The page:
The Demon Trapper’s Daughter: Action-filled YA urban fantasy

YA fantasy book reviews Jana Oliver Demon Trappers 1. Demon Trapper's DaughterYA fantasy book reviews Jana Oliver Demon Trappers 1. Demon Trapper's DaughterThe Demon Trapper’s Daughter by Jana Oliver

The Demon Trapper’s Daughter (titled Forsaken in the UK) is set in Atlanta, 2018. It’s not precisely a post-apocalyptic setting, but it’s a depressed one, with economic woes plaguing much of the population and demons living openly among humans. These aren’t angsty, misunderstood demons either, but fiends from Hell; the small ones are nuisances and the big ones are deadly.

Seventeen-year-old Riley Blackthorne is an apprentice demon trapper. Her father is himself a prominent trapper, which causes trouble for Riley on two fronts. Other trappers think she’s trying to coast by on his name, and the demons hold grudges and would love to have a shot at Paul Blackthorne’s daughter.

The book begins with what’s supposed to be an easy mission; Riley is assigned to trap a Biblio-Fiend, a low-level demon whose mayhem is limited to damaging books. Everything goes wrong, though, and this becomes the first indication that the demons aren’t acting in the usual way. Demons always prowled alone, but now they’re teaming up with other demons to pose a greater threat. Adding to the danger, the trappers’ supply of Holy Water isn’t working as well as it’s supposed to. Trapping just became much more dangerous, and soon Riley has a family tragedy to deal with.

The Demon Trapper’s Daughter is a grimmer book than you might be expecting. There’s a heartbreaking death, followed by grueling efforts to keep necromancers from stealing the body from the grave. And that’s not to even mention the other destruction dished out by the demons…

Riley is an engaging heroine. She’s in a stormy mood for most of the book, but she has plenty of reasons for that. She’s stubborn, and sometimes too brave for her own good. She’s exactly what a spirited “everygirl” might be if placed in such a difficult situation. The other point-of-view character, Denver Beck, is harder to get a grip on. At times he’s a great hero who’d do anything for Riley. Other times he comes off as a bit of a pig; it’s hard for me to like a character when he spends part of his first scene catcalling girls on the street. His dialogue is also written in a distracting accent. Despite a five-year age difference, I suspect he’s being set up as Riley’s eventual love interest (though she dates someone else in this installment).

The plot is filled with tension and sadness, and occasionally a touch of humor. It’s mainly driven by the mystery of the strange demon behavior and by Riley’s everyday struggles to get by on a limited income and survive in the face of dangers. Riley has to worry about things like bills and replacing demon-damaged clothing, which lends a welcome dose of realism to the story.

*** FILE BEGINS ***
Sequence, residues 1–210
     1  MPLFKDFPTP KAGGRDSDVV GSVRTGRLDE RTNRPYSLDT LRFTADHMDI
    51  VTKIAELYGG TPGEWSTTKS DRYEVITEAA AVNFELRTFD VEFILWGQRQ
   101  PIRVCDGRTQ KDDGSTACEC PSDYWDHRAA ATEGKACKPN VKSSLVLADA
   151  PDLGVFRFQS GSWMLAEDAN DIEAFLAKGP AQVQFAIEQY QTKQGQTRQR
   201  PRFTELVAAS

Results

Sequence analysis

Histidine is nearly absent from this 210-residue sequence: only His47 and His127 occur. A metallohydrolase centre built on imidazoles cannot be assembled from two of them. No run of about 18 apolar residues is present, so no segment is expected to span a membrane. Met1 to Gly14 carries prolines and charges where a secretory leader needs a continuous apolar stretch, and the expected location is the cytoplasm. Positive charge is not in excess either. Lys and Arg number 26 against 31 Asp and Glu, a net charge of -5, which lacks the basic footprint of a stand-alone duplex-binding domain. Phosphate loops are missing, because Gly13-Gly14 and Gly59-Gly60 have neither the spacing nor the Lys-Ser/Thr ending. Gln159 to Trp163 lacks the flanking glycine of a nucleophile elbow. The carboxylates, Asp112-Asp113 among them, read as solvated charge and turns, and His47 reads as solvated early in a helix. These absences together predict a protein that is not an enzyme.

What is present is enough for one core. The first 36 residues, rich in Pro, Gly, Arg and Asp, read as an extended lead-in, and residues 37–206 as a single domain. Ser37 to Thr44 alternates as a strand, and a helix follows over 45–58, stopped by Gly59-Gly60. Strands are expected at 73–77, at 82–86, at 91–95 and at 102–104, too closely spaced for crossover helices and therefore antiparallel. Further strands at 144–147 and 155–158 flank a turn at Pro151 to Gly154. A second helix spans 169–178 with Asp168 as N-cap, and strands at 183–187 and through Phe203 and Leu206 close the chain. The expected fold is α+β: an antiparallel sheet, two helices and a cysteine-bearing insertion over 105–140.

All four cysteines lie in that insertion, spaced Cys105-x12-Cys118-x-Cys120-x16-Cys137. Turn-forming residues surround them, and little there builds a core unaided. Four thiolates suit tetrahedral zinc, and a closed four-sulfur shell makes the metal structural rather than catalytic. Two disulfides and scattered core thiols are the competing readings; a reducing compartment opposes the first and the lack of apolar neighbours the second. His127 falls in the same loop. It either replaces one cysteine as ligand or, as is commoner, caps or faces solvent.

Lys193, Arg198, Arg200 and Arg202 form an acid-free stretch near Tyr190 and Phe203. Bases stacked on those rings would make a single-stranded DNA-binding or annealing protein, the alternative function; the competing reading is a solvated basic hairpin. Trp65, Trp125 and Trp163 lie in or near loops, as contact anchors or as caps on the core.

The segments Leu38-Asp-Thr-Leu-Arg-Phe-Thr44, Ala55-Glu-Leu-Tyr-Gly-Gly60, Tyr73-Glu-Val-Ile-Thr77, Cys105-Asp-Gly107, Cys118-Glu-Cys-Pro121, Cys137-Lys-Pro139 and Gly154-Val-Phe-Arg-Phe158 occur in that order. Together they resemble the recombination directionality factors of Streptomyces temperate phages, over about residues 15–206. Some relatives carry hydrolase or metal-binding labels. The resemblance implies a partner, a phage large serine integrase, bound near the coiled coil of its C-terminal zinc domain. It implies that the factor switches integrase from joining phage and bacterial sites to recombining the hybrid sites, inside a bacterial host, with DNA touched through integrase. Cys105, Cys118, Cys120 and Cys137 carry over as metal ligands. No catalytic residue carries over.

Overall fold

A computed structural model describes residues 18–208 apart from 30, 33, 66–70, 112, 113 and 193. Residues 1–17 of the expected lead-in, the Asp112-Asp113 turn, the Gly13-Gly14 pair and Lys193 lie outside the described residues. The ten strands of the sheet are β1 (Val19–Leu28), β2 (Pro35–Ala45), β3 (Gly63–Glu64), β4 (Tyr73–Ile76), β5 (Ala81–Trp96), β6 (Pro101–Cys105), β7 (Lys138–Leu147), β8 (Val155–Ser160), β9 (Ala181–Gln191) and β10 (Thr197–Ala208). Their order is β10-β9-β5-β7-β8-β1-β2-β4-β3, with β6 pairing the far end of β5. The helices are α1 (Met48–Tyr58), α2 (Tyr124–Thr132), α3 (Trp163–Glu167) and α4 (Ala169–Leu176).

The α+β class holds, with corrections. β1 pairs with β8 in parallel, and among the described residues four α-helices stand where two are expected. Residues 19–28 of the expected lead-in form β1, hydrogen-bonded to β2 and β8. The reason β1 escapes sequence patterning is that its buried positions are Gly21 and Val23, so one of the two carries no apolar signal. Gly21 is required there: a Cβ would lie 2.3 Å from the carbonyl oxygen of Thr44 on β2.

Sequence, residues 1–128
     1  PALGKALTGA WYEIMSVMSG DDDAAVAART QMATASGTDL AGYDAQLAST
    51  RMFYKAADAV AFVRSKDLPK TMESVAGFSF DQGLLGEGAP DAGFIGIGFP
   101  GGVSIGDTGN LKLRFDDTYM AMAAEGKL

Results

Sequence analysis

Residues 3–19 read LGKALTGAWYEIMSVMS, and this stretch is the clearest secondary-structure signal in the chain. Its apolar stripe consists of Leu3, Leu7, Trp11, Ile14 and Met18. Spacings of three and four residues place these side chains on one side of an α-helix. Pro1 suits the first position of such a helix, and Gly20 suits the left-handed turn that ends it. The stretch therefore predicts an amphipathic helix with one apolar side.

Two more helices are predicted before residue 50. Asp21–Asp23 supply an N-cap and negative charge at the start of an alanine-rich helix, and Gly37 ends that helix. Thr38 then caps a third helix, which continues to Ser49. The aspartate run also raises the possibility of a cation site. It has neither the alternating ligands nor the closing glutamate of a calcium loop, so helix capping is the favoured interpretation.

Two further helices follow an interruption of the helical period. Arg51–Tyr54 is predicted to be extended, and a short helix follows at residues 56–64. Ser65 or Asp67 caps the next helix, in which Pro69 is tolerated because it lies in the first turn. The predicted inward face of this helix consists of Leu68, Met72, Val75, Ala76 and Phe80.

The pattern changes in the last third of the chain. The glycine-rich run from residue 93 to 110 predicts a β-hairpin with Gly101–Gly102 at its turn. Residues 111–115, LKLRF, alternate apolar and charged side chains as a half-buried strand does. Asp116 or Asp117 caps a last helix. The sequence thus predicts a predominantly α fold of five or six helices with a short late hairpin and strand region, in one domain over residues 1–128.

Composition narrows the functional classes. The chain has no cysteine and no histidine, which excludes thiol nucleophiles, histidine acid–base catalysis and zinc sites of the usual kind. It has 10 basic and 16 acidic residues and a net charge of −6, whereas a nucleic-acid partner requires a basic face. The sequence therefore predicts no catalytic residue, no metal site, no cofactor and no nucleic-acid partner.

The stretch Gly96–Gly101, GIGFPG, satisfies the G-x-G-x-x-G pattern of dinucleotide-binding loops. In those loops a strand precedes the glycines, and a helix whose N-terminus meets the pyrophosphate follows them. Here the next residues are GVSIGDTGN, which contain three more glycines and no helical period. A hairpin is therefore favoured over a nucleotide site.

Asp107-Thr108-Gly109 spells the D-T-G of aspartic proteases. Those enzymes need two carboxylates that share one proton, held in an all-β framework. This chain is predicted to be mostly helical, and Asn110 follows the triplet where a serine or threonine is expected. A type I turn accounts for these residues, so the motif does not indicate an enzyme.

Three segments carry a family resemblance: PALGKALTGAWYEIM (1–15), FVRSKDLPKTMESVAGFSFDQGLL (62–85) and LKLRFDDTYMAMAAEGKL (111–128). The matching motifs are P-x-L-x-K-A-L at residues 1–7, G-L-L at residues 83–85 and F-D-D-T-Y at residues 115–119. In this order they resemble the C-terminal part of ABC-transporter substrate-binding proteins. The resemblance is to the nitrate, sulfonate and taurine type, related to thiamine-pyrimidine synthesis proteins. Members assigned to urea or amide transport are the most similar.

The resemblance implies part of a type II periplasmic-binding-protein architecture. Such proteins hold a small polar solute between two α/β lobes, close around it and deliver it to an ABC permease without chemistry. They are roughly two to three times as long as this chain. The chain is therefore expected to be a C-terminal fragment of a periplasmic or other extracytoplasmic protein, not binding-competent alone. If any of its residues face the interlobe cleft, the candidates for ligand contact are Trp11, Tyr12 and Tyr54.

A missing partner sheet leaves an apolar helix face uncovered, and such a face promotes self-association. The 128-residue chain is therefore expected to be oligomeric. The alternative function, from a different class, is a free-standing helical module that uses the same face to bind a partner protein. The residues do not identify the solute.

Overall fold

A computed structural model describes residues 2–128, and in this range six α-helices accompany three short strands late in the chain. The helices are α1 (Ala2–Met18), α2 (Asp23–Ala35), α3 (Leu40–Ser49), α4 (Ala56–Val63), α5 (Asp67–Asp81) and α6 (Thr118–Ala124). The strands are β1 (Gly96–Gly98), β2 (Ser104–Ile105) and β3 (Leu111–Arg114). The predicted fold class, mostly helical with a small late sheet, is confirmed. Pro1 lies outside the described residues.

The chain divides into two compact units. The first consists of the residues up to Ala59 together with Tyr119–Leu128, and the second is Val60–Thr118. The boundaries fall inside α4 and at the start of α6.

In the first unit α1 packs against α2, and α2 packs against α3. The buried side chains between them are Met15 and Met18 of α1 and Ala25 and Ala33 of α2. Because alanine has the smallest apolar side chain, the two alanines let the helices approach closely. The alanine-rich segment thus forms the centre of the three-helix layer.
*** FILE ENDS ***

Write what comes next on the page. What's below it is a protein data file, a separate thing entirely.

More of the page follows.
If you’re looking for an action-filled YA urban fantasy, and want to read about a young girl in the process of becoming a butt-kicking heroine, The Demon Trapper’s Daughter may be just what you’re looking for. I look forward to future Demon Trapper novels.


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KELLY LASITER is a mild-mannered academic administrative assistant by day, but at night she rules over a private empire of tottering bookshelves. Kelly is most fond of fantasy set in a historical setting (a la Jo Graham) or in a setting that echoes a real historical period (a la George RR Martin and Jacqueline Carey). She also enjoys urban fantasy and its close cousin, paranormal romance, though she believes these subgenres’ recent burst in popularity has resulted in an excess of dreck. She is a sucker for pretty prose (she majored in English, after all) and mythological themes.

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2 comments

  1. Hmmm, still sounds like a great read! :) Just had to stop by and comment on it as we where chatting on it at Goodreads. :) Sounds like the saddness helps make the story. Thanks for the great review! I think I still want it. :)

  2. Yup, it’s pretty good! Definitely give it a shot. And the sadness makes it more “real.” I just finished another YA book where it never felt like the stakes were high, and it made me appreciate this one even more.

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